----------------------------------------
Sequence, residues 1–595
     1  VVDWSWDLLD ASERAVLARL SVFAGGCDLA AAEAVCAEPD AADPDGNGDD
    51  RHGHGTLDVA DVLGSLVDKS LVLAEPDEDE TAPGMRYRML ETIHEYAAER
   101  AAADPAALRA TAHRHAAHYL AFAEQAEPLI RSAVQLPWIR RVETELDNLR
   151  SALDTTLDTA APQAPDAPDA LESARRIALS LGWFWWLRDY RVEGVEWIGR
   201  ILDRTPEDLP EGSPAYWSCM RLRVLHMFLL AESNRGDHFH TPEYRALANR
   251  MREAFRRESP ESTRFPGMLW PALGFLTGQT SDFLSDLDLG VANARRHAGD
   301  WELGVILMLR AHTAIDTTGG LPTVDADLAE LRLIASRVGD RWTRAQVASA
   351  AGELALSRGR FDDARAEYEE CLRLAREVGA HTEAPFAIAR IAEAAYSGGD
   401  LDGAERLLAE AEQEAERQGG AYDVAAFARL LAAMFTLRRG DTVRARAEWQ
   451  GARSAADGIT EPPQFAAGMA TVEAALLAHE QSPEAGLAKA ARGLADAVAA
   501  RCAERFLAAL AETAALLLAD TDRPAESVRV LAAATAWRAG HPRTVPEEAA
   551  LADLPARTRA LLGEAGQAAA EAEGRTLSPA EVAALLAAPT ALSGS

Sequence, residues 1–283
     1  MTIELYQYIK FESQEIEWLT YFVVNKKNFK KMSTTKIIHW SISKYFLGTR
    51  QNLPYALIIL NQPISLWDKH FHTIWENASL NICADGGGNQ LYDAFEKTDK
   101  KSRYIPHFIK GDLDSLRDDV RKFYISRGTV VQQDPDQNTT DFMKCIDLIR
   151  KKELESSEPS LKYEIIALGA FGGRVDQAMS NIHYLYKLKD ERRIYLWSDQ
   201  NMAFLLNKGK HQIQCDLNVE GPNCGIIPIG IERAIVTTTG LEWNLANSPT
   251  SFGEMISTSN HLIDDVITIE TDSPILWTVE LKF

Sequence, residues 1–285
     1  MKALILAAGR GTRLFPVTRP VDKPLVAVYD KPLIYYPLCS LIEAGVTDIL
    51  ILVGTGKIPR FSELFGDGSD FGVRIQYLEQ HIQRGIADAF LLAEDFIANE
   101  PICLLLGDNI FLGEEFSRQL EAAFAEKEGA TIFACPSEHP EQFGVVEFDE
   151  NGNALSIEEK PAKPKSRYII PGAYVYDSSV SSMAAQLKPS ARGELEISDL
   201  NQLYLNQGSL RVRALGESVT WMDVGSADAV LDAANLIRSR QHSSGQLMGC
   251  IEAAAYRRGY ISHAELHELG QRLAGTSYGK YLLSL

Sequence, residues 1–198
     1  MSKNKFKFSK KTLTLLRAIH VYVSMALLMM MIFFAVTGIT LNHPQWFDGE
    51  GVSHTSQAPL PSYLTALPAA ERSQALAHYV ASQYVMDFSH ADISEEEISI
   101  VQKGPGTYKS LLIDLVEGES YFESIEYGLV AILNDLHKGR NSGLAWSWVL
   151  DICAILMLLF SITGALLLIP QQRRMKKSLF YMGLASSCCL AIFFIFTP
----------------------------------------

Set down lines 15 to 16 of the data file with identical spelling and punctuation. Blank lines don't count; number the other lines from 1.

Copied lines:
     1  MTIELYQYIK FESQEIEWLT YFVVNKKNFK KMSTTKIIHW SISKYFLGTR
    51  QNLPYALIIL NQPISLWDKH FHTIWENASL NICADGGGNQ LYDAFEKTDK